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Carbondale Area School Board Votes to Furlough Teachers

CARBONDALE, Pa. -- It was a long, emotional school board meeting for the Carbondale Area School District, sometimes getting heated during the nearly five-hour meeting.

The school board voted 5-3 to furlough six teachers Sunday afternoon. Not everyone on the board agreed it was the right thing to do.

"The inner turmoil I face, I will vote my conscience," said Dr. Paul Kaczmarcik, board secretary.

But board president Dr. Gary Smedley says the state shoulders part of the blame.

"We as a board and administration did our part, but I said in the April meeting if you want to see our school fairly funded, contact your representative in Harrisburg," Smedley said.

The Carbondale Area Education Association says losing 10% of its staff is devastating.

"We think it's going to be absolutely devastating and is going to make it very difficult to provide a high-quality education here at Carbondale Area," said Larry Gabriel, Carbondale Area Education Association.

Parents who addressed the board say they are concerned about the education their children will be receiving.

"This is our children's future. I don't want my children stuck in 61% poverty for the rest of their lives, and I can guarantee anybody here feels the same way," said one parent.

Teachers also expressed worry for their students.

"You are completely taking the floorboards right out from under this district," said history teacher Thomas Evans.

One job was saved: athletic director and trainer, but he later shocked the crowd by offering his resignation which allowed the district to pass its budget.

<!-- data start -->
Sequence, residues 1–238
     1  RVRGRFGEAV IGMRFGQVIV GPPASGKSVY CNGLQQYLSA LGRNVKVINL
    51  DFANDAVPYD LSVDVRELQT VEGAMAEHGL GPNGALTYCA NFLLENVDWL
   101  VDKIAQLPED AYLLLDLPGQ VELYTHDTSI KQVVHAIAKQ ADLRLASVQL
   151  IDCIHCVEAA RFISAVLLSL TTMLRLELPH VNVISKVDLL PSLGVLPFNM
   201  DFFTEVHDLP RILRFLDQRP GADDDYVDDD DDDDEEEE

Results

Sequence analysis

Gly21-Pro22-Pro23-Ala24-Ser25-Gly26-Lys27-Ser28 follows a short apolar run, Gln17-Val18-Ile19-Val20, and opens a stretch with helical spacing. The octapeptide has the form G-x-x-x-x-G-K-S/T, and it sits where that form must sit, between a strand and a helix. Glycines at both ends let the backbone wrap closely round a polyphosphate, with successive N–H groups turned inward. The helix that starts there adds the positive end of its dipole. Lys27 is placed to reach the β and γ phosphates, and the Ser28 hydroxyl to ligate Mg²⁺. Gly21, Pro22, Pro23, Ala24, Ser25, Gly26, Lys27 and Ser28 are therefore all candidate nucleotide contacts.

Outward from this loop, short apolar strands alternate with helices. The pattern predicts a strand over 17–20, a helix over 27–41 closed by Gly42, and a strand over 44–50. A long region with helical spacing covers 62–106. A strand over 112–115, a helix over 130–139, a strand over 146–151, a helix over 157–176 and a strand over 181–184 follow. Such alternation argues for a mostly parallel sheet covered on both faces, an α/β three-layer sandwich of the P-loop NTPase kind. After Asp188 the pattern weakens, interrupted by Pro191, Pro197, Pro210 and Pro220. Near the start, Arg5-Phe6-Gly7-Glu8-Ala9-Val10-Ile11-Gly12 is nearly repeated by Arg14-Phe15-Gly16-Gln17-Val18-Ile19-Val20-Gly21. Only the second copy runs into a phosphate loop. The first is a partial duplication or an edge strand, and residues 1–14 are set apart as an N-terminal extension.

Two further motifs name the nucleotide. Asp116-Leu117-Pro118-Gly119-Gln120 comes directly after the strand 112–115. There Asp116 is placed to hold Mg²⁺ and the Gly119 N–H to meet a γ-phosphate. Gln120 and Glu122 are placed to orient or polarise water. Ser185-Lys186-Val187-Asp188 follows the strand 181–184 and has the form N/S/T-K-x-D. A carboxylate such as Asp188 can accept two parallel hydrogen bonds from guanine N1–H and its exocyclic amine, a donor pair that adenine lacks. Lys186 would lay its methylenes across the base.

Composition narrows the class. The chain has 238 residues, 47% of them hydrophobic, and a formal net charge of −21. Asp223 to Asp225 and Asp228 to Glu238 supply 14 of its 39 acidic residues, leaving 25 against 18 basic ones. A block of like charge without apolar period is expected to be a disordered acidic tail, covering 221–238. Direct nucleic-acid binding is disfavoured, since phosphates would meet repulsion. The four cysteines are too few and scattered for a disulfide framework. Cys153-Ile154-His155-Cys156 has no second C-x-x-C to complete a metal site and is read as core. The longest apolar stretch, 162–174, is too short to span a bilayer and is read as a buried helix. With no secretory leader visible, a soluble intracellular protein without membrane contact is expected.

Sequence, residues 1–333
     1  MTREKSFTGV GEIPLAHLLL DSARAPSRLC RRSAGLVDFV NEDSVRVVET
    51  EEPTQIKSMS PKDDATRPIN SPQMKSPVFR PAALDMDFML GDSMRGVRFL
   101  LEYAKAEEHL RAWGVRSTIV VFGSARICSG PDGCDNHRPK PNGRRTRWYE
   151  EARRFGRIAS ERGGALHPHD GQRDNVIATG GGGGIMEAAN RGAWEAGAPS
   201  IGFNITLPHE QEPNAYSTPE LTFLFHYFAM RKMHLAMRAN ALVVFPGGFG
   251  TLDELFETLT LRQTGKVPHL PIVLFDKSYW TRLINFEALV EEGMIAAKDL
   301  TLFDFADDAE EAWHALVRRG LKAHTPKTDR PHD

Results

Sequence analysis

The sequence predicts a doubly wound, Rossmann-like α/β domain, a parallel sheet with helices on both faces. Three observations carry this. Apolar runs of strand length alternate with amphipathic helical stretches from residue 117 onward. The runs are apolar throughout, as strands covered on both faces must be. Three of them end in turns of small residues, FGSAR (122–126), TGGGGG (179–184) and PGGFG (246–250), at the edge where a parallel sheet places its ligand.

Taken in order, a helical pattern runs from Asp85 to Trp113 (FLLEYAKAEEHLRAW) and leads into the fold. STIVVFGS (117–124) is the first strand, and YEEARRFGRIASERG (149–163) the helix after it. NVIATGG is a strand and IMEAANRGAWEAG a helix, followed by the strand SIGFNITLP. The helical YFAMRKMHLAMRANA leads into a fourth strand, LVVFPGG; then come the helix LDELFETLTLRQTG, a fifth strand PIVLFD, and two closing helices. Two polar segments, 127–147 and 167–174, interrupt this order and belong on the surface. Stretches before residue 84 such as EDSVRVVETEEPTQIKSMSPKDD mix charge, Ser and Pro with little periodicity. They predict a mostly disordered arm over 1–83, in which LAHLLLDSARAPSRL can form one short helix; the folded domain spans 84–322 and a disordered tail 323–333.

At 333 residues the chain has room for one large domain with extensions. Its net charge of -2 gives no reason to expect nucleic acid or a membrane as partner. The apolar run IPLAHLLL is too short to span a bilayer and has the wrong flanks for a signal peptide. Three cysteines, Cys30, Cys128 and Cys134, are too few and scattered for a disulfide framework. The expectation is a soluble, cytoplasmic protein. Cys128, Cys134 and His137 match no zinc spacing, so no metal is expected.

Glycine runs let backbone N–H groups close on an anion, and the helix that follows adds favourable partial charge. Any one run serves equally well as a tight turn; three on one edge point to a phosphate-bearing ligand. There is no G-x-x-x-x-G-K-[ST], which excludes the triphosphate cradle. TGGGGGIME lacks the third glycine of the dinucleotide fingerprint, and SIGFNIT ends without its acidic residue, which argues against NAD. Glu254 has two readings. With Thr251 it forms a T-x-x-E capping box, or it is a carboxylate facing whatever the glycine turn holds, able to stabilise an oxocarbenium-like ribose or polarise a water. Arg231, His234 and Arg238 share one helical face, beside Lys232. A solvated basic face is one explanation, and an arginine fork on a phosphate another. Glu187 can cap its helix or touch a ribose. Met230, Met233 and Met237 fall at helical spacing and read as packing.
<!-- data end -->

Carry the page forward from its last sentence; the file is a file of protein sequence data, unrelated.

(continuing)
In the end, six teachers and the curriculum directors were furloughed to help cut costs. The athletic director did offer his resignation, which the board accepted, and the district now has an operating budget in place for the new school year that begins July 1.


  • Joe Ro (@JoeRo622)

    LOL @ the people criticizing the teachers for demanding fair pay. If we ALL demanded fair pay instead of letting wages stagnate for 40 years, our school taxes would go a lot further without raising the tax rate. The money would go to our local businesses and communities instead of the Cayman Island tax havens of a handful of billionaires.

  • greekgeek1955

    Teachers to district: “Can’t afford to raise taxes? Screw you. Pay us. Can’t afford our bloated salaries and pensions? Screw you. Pay us. Can’t get state funding? Screw you. Pay us.”

    • savescrantonhistory

      It’s like these unions for public workers have become the new mafia. At least their members aren’t going out and demanding money directly from taxpayers…..yet.

  • RLW1958

    This should surprise no one. Cuts to Federal taxes hurt rural America much harder than urban and city areas. The Federal funding for Rural and Low Income Areas is less than half of what it was in 2012. In 2012 Pa. received $1.6 million, compared to $515,000 this year. That is less than half. To make up the difference, local school boards are forced to increase the local taxes and that still does not meet the needs. Rural schools have higher operating costs. Think about how many miles of driving it takes to get rural kids to school, and then compare that to the cost of urban kids to walking to school. Rural people who vote Republican vote against their own interests and can’t figure out why they keep falling behind. The Pa. state gas tax is essentially another tax on rural people who have to drive more miles for everything they do. Wake up people.

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